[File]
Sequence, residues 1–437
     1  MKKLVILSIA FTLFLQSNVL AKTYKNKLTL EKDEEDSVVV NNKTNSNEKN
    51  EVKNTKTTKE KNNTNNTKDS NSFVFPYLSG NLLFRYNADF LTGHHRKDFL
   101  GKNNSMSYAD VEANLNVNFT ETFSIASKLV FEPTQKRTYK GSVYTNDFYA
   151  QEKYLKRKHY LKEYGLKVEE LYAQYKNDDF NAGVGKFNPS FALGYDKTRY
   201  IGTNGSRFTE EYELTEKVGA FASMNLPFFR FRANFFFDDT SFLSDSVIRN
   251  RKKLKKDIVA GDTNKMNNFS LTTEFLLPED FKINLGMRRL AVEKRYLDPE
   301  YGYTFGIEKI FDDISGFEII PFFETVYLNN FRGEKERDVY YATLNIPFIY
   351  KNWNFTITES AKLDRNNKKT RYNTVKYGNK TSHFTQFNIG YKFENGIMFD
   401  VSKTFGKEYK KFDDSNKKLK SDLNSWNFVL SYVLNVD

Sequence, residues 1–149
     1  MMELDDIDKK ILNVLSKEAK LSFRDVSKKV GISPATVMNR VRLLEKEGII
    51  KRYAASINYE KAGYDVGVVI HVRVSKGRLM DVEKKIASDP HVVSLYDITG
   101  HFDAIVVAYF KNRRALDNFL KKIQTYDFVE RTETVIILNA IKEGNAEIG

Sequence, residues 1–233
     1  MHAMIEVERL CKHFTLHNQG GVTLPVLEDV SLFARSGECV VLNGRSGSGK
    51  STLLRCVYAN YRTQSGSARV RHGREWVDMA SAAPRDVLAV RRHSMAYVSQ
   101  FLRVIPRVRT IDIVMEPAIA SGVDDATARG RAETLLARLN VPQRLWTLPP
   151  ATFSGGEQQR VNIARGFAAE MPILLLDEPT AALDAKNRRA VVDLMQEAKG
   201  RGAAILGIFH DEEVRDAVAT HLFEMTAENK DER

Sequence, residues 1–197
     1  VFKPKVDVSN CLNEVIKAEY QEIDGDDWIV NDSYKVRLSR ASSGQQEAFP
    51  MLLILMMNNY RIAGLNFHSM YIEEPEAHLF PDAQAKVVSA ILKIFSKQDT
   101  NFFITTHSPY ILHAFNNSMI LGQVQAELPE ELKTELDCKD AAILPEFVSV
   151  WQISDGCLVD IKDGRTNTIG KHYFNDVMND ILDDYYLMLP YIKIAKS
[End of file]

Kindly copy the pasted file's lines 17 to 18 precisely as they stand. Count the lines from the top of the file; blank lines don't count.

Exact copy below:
    51  STLLRCVYAN YRTQSGSARV RHGREWVDMA SAAPRDVLAV RRHSMAYVSQ
   101  FLRVIPRVRT IDIVMEPAIA SGVDDATARG RAETLLARLN VPQRLWTLPP